Three weeks into the school year, students and teachers are settling in to Liberty Elementary. The early challenge of getting cars and buses used to the flow of traffic has steadily improved since day one.
"Usually the first day of school, you have a lot of parents that want to bring their kids and pick up their kids and so it was very crowded that first day," said fourth-grade teacher David Eaton. "But its definitely resolved itself, its improved, the flow of traffic is a lot better and better getting the kids out and getting the kids here safely."
Another challenge has been taking the different personalities and learning cultures from other schools and meshing them into one cohesive group.
"One of the biggest challenges is bringing Wildwood kids, Pickwick kids, Douma kids - just getting to know their personalities, getting to know their needs," said Nikki Witt, fourth grade special education teacher at Liberty. "Basically that was the biggest challenge."
Liberty was designed with each grade in its own wing, and a shared learning community for teachers and students alike to collaborate.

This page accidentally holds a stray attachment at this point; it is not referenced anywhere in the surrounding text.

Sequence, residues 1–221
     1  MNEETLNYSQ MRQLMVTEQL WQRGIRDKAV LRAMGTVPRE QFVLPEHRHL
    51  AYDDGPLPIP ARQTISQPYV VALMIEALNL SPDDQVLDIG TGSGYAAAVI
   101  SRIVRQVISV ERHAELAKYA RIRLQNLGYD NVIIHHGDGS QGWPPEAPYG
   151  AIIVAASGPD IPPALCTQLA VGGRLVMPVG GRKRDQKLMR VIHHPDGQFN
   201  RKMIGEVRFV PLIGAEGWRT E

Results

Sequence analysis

"My third grade group meets twice a week, so we meet to plan, we meet to discuss how things are going and that's worked great," said teacher Stephanie Dostal. "We've really gotten a chance to get to know each other and we can help problem solve and we can help do lesson plans together to come up with good ideas for kids and which strategies work best."
"We collaborate a lot, there's a lot of teachers that come into my room to ask me questions and like I said, an answer's not too far away," Witt said.
"Our goal is to provide a quality education for every student and I think with us being able to work together collaboratively provides that opportunity," added Eaton.
And this is only the first year. New technology, developing programs and one great building will make Liberty a key player for education in Ottumwa for years to come.
"Having a new state-of-the-art building is wonderful to be able to have, everything's new and bright and cheerful and welcoming," Eaton said. "So it's nice to be in a facility that's such a positive place to be."
"Everything's just so fresh and new and the kids actually are really good about making sure that they take care of everything," Dostal said. "They know it's new and it's special and important and they want to keep it that way."